Home arrow Apache arrow Page 2 - One Way To Use Server Side Includes
APACHE

One Way To Use Server Side Includes


Heard the acronym SSI but no sure what they are? Join Corbb in this article as he explains SSI and also shows us some interesting examples on how to use them with our website.

Author Info:
By: Corbb O'Connor
Rating: 4 stars4 stars4 stars4 stars4 stars / 3
August 08, 2002
TABLE OF CONTENTS:
  1. · One Way To Use Server Side Includes
  2. · What In The World Are Server Side Includes?
  3. · Conclusion

print this article
SEARCH DEVARTICLES

One Way To Use Server Side Includes - What In The World Are Server Side Includes?
(Page 2 of 3 )

Often referred to by its acronym SSI, server side includes are a utility found on almost all web servers. Here's how it works:
  1. The browser tells the server that it wants a certain page
  2. The server notices that it needs to parse the page for SSI commands
  3. The server parses the commands
  4. The parsed page is sent to the browser
Configuring Your Server
Now that you know what SSI is, we need to tell the server which files to parse for SSI code. In order to do this, you need to have access to a file called .htaccess. If you have access to this file, skip the rest of this paragraph and paste the code below into a new line within that file. On the other hand, if you do not know how to access this file, contact your web host. Unfortunately, some web hosting companies do not allow access to the .htaccess file. If you are unable to access the file, ask them to add the following line of code to the file. If you still cannot get them to update your .htaccess file, try using the code in this article. It could be that your website is already configured for SSI.

addType text/x-server-parsed-html .shtml

So what does this mean? The addType directive lets the server know that you are changing the way it handles a certain file extension. In this case, you are telling the server to look for SSI tags in every page with a .shtml extension. Without the above code, the server will not parse files for SSI code. It will leave the commands as they are, and send them to the browser. Most browsers will ignore the tags because they appear as comments (i.e. <!--#include virtual="page2.htm" -->)

On With The Code Already!
Now that the server is setup, it is time to start creating our site with SSI. Take the following code and place it in a file called display.html:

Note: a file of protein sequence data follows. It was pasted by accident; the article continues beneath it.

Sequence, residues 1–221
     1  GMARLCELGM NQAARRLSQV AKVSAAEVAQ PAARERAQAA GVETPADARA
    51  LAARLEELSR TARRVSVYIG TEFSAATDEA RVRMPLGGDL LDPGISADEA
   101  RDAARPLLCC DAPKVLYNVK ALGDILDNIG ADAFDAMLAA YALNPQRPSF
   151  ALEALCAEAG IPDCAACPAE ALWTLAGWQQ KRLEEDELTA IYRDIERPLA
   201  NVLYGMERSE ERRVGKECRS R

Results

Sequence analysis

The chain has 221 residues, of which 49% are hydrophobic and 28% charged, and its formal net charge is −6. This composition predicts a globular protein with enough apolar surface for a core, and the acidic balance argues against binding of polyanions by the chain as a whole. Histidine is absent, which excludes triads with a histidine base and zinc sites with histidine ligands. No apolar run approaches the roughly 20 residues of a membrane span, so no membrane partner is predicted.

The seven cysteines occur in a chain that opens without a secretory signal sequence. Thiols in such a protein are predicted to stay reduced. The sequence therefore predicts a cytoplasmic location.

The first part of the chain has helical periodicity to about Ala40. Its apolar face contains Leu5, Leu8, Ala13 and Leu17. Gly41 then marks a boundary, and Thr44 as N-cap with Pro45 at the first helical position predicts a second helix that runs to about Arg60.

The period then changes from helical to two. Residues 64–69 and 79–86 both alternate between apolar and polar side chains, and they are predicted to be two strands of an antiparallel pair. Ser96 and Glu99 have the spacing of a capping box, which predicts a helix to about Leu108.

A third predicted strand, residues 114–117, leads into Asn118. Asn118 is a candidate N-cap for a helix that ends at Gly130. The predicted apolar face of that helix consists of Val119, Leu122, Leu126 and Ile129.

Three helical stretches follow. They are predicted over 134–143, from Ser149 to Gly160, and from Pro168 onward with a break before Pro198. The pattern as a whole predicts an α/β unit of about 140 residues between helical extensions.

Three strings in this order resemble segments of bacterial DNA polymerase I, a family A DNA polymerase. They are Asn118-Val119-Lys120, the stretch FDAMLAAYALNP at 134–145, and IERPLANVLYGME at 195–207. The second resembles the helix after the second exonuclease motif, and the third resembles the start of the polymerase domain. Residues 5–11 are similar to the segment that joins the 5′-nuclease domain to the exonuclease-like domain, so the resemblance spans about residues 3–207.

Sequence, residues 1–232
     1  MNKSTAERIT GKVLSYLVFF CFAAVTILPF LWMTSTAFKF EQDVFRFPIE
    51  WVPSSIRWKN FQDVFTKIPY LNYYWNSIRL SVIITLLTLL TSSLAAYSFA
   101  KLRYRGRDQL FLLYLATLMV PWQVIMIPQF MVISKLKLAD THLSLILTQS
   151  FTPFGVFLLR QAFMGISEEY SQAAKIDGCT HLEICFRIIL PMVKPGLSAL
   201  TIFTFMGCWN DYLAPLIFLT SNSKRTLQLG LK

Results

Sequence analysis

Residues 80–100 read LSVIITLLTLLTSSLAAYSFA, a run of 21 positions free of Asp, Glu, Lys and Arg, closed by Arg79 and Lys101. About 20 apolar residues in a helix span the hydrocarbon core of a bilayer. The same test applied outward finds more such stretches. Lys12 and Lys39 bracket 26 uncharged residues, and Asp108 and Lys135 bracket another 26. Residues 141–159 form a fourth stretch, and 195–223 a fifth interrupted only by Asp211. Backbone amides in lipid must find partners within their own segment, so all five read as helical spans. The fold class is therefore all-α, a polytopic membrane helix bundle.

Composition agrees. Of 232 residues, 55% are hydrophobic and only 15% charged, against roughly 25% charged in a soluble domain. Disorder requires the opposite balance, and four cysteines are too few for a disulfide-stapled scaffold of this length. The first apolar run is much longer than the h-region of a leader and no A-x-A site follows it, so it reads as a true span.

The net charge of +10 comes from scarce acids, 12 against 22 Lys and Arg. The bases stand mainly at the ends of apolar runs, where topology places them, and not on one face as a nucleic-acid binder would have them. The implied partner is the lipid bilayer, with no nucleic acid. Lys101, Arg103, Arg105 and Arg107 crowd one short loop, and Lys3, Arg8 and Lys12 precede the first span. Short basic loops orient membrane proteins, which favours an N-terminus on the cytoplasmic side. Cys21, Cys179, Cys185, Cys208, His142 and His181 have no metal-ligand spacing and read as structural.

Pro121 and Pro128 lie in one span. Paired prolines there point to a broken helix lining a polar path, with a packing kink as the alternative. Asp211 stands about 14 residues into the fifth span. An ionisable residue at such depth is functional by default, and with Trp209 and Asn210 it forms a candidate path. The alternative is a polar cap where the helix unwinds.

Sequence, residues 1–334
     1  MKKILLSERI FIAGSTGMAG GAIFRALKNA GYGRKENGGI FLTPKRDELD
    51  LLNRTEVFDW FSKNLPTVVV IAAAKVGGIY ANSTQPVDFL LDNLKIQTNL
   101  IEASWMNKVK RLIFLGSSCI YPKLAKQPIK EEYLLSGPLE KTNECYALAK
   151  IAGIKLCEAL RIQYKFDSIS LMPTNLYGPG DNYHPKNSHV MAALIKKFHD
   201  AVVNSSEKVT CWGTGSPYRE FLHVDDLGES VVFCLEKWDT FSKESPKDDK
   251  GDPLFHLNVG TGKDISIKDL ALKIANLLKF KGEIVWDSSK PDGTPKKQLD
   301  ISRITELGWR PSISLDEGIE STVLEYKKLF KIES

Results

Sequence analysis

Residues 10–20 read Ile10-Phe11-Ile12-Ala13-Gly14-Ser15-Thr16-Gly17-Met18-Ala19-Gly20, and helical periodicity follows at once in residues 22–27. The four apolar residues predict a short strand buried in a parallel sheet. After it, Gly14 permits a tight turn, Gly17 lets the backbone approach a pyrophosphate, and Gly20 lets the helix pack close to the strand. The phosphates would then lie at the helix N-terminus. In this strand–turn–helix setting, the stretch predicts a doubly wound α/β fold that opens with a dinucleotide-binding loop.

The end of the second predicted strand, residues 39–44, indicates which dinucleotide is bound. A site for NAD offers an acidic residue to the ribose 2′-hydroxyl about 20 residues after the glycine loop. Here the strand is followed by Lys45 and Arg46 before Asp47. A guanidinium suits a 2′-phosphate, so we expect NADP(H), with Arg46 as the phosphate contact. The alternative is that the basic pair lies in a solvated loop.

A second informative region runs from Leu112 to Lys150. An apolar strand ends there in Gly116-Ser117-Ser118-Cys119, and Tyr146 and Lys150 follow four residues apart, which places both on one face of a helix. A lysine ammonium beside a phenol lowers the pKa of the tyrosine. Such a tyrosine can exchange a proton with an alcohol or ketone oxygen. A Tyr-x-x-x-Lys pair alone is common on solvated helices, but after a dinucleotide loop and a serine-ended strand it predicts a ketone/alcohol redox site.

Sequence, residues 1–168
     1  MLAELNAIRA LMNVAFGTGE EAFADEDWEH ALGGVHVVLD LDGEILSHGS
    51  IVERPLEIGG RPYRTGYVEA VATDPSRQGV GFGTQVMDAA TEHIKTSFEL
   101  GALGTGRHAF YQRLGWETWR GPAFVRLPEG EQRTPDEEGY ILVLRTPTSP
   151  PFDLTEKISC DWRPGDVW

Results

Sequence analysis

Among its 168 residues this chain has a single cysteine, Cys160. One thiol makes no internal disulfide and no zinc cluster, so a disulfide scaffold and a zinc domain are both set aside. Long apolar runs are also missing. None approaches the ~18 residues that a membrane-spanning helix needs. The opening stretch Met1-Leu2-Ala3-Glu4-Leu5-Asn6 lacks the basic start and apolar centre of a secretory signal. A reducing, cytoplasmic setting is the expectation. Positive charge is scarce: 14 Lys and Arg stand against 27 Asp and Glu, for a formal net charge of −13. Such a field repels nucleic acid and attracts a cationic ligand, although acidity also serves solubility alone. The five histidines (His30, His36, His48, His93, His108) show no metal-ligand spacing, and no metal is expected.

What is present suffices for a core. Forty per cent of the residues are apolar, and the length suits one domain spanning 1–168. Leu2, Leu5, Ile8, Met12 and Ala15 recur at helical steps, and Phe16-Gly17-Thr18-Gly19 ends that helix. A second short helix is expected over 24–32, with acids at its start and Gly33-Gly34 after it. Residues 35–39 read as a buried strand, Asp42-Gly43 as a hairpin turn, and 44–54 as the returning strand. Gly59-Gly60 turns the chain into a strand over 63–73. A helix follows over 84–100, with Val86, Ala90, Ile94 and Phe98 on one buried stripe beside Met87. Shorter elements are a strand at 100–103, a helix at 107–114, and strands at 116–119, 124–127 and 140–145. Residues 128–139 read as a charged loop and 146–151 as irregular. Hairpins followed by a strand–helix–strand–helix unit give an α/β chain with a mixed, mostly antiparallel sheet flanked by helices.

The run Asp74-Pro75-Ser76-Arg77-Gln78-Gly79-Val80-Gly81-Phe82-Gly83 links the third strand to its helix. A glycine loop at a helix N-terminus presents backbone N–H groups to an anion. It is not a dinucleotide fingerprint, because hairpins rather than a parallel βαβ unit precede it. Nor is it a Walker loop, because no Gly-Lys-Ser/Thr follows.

<!-- display.shtml -->
<html>
<head>
</head>
<body>
<!--#set var="which" value="$QUERY_STRING_UNESCAPED" -->
<!--#if expr="$which != ''" -->
<!--#include virtual="content/$which" -->
<!--#else -->
<!--#include virtual="content/error.txt" -->
<!--#endif -->
</body>
</html>


To make this system work, we need to make a few adjustments for your server:
  • The text in red should be the path to the folder that will hold the content files. You can also make this your home directory (in which case just use a "/" without the quotes).
  • The text in blue should be the path to the error.txt file. It is best to place this file in the same directory as the text in red. Make sure that you keep the text that says "error.txt" intact.
Now minimize that file for a moment. Create a new folder on your computer and on your website called "content". You can call the folder whatever you like, just make sure that the title and path match the path you entered in the display.html file.

Create a new file, and call it file1.txt. Put the following code in it:

<!—file1.txt-->
<title>MySite.com – SSI Is So Cool!</title>
<p><font size="3" ><b>Lookie here! Some content!</b></font></p>
<p><font size="2"><I>I can use any HTML code I want!</I></font></p>


Finally, make a file called error.txt. The location of this file should be the same as the blue text in the display.html file. Copy the following code into the file:

<!—error.txt-->
<title>MySite.com – Error</title>
<P ALIGN="CENTER"><FONT SIZE="4"><B>Error!</B></FONT></P>
<P><FONT SIZE="2">The file that you are looking for cannot be found. If you followed a link from within this website, please email <A HREF="mailto:john@doe.com">John Doe</A>. Thank you!</FONT></P>


Feel free to change the contents of this file. If you do wish to keep it the same, make sure that you change the email address to your own.

How Do I Test The SSI?
To access the pages on your website, use the following format for the web address:

http://www.yourwebsite.com/display.shtml?file1.txt

Of course, you need to change the beginning part to reflect your website address and file1.txt with the file that you are trying to display.

You can also use hyperlinks the same way as if you were linking to a regular page:

<a href="display.shtml?file1.txt" >Click here!</a>
blog comments powered by Disqus
APACHE ARTICLES

- Programmatically Manipulating Microsoft Exce...
- Installing PHP under Windows
- Compressing Web Content with mod_gzip and mo...
- Compressing Web Output Using mod_deflate and...
- Setting Up Apache 2.0.45 to Parse PHP Pages
- Custom Error 404 Documents with PHP
- Using Apache and PHP on Mac OS X
- ASP: Active Sessions, Active Logins and Tota...
- Working With Oracle on Windows: Part 1
- The Quick-n-Dirty Guide to Setting Up Apache...
- Installing Apache With SSL: The Complete Gui...
- 7 Powerful .htaccess Customization Tips
- Trap And Get Notified: A Practical Solution ...
- One Way To Use Server Side Includes
- Using ForceType For Nicer Page URLs

Watch our Tech Videos 
Dev Articles Forums 
 RSS  Articles
 RSS  Forums
 RSS  All Feeds
Write For Us 
Weekly Newsletter
 
Developer Updates  
Free Website Content 
Contact Us 
Site Map 
Privacy Policy 
Support 

Developer Shed Affiliates

 




© 2003-2017 by Developer Shed. All rights reserved. DS Cluster - Follow our Sitemap
Popular Web Development Topics
All Web Development Tutorials